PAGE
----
Fall break generally brings feelings of joy and excitement at the prospect of flying home to reunite with family on the other side of the country. For me, fall break meant driving a town and a half over. My hometown, East Windsor, is only 20 minutes away from campus.
I was excited for break and made a list of things I was looking forward to, but a few days in, I realized that I honestly didn’t have much to keep me occupied. Most of my friends were in school since their fall breaks did not match up with mine, and my parents were at work for most of the day. Throughout high school, I would hang out in Princeton with friends, so a few of us went back to our old ways. I found myself back on Nassau less than 24 hours after I had left, grabbing brunch and walking around. Another day, I went to Terhune Orchards with another friend, and then, unsurprisingly, ended up on campus again. It was like an invisible magnet kept pulling me back toward campus — to my new life, and away from my old.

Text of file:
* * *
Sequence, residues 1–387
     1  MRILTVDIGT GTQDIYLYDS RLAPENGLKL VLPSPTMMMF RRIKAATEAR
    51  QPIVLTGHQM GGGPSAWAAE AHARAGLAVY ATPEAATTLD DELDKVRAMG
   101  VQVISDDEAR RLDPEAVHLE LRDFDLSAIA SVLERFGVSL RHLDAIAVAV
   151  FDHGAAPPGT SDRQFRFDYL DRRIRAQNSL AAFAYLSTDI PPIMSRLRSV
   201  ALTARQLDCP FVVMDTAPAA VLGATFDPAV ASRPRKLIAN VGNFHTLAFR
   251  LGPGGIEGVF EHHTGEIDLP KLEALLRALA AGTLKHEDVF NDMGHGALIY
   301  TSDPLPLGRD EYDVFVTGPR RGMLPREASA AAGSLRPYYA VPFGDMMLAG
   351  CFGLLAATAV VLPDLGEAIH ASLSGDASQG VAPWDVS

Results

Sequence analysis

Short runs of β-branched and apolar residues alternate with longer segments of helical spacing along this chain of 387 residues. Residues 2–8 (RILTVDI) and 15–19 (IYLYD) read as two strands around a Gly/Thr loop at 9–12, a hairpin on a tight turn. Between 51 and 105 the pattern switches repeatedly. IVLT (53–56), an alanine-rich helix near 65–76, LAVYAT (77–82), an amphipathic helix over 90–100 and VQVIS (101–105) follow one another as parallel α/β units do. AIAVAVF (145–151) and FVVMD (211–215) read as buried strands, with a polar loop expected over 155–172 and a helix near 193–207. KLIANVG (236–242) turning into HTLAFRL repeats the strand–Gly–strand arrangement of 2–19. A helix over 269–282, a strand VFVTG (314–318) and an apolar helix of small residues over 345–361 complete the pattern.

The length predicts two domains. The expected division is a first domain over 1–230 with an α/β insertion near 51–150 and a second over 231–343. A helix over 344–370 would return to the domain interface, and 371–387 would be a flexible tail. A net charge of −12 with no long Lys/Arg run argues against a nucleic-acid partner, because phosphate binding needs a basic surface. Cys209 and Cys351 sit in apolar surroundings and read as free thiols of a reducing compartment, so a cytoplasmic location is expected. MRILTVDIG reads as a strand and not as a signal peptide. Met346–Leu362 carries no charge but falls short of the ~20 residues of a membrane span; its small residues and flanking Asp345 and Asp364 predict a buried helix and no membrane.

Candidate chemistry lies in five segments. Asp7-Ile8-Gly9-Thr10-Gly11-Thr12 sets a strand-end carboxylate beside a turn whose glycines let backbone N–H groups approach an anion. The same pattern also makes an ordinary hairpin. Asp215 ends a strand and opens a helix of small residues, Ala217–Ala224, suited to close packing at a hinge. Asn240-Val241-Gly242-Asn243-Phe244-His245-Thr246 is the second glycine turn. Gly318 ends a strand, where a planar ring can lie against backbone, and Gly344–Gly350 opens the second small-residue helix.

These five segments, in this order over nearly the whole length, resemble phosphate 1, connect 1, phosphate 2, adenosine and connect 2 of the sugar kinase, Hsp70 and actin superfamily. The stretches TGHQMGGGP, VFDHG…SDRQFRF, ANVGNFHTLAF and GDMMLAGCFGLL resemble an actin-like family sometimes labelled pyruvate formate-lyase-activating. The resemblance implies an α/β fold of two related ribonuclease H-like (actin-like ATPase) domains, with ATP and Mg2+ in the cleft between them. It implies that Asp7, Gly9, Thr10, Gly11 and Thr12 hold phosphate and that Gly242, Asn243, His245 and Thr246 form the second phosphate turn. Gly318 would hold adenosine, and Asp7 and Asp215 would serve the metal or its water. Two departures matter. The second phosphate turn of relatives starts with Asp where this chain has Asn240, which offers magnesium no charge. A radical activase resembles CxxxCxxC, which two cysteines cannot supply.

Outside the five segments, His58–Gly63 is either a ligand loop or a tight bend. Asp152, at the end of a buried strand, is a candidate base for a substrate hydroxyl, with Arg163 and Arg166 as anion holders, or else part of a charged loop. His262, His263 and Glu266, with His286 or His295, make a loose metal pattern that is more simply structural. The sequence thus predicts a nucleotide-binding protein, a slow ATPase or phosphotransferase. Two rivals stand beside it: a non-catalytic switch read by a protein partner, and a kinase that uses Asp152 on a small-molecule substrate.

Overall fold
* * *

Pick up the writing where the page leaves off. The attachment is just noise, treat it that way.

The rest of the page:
I even drove back here to use the gym. When I ran into a friend in the Forbes parking lot, who had come for the same reason, I realized that I wasn’t alone.
Some of my friends in Forbes who were on campus for break shared the same feelings of boredom and loneliness, so we met up at my house to carve pumpkins and have dinner.
I also realized that my family had adopted a new dynamic while I was gone. I couldn’t connect to my home’s Wi-Fi for the first few days. Things were in different places, and my favorite snacks weren’t there. My parents and brother had their own inside jokes, too.
It wasn’t until I went home that I realized how independent I had grown since coming here. I wasn’t used to waiting for people, having my parents tell me not to stay out too late, and needing to let them know where I was at all times. I also learned how much I had settled into life on campus. One day, as I was heading to Princeton to meet more friends, I called to my parents, “I’m going home!” before leaving my house and driving to Princeton for the seventh time that break.